“White Men Can’t Jump” was released on March 27, 1992. On the morning of March 28 – according to an incredible sports legend – Michael Jordan gathered for drinks at Sunset Ridge Country Club in the suburbs of Chicago. 10 bottles of Coors Light and 2 rounds of golf. He played the game that night. A beer-fuelled Jordan recorded 44 points, six assists and three steals as he helped the Bulls defeat the visiting Cavaliers 126–102.
Writer-director Ron Shelton’s flamboyant, light-hearted basketball comedy isn’t about the NBA, and the mere mention of Jordan is somewhat offputting. Stylish, big-mouthed streetball maestro Sydney Dean, played by Wesley Snipes, claims that Jordan is impressed. his skills and advised him to join the Summer League, an offer he declined. (Professional training, Sydney Balks, “You can mess up my game.”) But Jordan’s brazen, bold post-beer performance in “White Men Can’t Jump” is spot on. Like many sports movies, it’s not necessary to win. It’s all about having what it takes to win in form of panache.
In The Times, a hit with audiences and crtics at the time, Janet Maslin praised its “raucous wit”. The film’s reputation has grown tremendously in the 30 years since. “White Men Can’t Jump” has since emerged as a cult classic beloved by basketball fans and a cherished portrayal of streetball. On Friday, Hulu will release a remake starring Cinqua Walls and rapper Jack Harlow, but it’s unlikely to bring back the unique magic of the original (it’s also streaming on Hulu).
Part of its appeal is how grounded the film is in its time and place. Billy Hoyle (Woody Harrelson) is a talented hooper who earns a precarious livelihood for himself and his girlfriend, Gloria (Rosie Perez), by annoying black streetball players who underestimate him for being white. Shelton entered the world with an eye for local color when he showed up to the courts in Venice Beach. We comb the sand, we watch people doing tai chi, and bodybuilders swinging dumbbells. A rich sense of expansion keeps us firmly in this community. And what we appreciate right away is that we are a long way from the world of professional basketball. It’s real life Venice Beach streetball and basketball as a fixture of everyday life.
Billy has come to collect Sydney’s money. But other than a few racial slurs (Sydney and her friends ridicule Uncool Billy for being eccentric), it’s clear he fits right in. What Billy understands and the film expresses so beautifully is that streetball is what the best players are. Streetball is all about attitude and passion, bragging and bragging. When Billy made a 3-pointer from the penalty shootout, even Sydney laughed at his style. Or, as one of Sidney’s friends put it, after Sidney’s more elegant threesome reply: “Beautiful is eternal bliss. Said my friend John Keats!”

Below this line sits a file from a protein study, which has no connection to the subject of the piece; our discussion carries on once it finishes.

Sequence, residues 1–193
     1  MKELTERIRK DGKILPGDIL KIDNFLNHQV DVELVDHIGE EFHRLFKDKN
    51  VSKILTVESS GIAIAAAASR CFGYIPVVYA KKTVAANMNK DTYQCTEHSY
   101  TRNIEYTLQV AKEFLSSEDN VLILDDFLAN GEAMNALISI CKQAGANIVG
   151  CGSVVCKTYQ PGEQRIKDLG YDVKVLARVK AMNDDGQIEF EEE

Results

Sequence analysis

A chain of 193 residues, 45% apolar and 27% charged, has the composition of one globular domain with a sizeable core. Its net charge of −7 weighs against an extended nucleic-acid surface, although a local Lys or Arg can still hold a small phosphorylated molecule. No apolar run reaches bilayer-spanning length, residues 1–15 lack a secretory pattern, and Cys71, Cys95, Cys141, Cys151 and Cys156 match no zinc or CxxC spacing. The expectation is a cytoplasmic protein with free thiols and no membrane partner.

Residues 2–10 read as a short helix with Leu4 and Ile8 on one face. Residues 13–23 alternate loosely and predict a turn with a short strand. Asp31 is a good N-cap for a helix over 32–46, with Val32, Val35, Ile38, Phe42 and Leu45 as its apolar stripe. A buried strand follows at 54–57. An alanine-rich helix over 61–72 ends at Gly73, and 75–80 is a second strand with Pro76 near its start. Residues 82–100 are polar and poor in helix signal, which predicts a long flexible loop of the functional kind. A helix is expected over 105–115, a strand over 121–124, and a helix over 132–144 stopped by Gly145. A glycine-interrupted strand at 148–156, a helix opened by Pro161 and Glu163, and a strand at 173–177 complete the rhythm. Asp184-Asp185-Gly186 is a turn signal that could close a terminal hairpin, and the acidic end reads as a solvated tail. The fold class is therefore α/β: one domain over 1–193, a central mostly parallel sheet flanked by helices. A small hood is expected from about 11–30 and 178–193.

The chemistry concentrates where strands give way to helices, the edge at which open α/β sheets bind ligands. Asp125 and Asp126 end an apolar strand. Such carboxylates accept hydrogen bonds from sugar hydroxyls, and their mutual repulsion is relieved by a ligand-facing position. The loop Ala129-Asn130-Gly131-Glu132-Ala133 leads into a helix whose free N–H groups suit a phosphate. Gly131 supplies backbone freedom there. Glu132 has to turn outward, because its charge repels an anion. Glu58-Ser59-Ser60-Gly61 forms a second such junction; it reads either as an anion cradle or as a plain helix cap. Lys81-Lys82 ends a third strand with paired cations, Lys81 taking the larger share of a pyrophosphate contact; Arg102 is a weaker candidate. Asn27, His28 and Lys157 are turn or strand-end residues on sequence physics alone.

He had winning powers in other sports movies. Only “White Men Can’t Jump” captured the power of the beat. The film is a master class in derision and derision. On the court, Sydney and Billy deftly praise the virtues of quickness or timely offense, demonstrating the extent to which victory or defeat in streetball distracts opponents and keeps one’s own mind clear. “It’s not like your country club.” Sydney teases Billy, implying that mental toughness beyond mere proficiency won’t cut it on the actual streetball court that is the name of the game. However, Billy can infuriate the best of them. “Let’s stop and collect all these bricks. Let’s build a homeless shelter,” he said with a laugh.
Billy thinks he has Sydney’s number. “It is better to lose because you are ugly than because you are beautiful.” Fair diagnosis, but cuts both ways. Billy’s game is also wrapped up in his pride and arrogance. The truth later becomes apparent when he gives false advice to prove that he can sting because he cannot be insulted. Billy and Sidney both try for what the Italian courtier and author Baldassare Castiglione calls “sprezzatura”. It is this carelessness that “hides all artistry and makes everything it says or does artificial and facile.” They want to dominate, but more importantly, they want to make it easy to dominate.
The film does not support this view. In fact, it wisely complicates the idea and later makes Billy pay for his arrogance when Gloria dumps him because of her obsession with the game. Gloria warns Billy, “Sometimes when you win, you really lose.” But the film understands the driving force.
It keeps Billy and Sydney in the game even when they have to quit, and it’s one of the few movies that portrays pure street attitude with real wisdom. For him, the ball is life. They can turn down a challenge so easily that they can hold their breath.
“White Men Can’t Jump” opens and closes on the same beach, on the same court, with the same a cappella trio, the Venice Beach Boys. The circular structure lends itself well to a film that is essentially an endless pastime, and you can well imagine Billy and Sydney, firing off shots back and forth until the end of time. This may explain why the film has survived for over 30 years and its appeal is timeless. This isn’t about a few basketball games in the summer of 1992. It’s about the magic of streetball, and that magic is forever.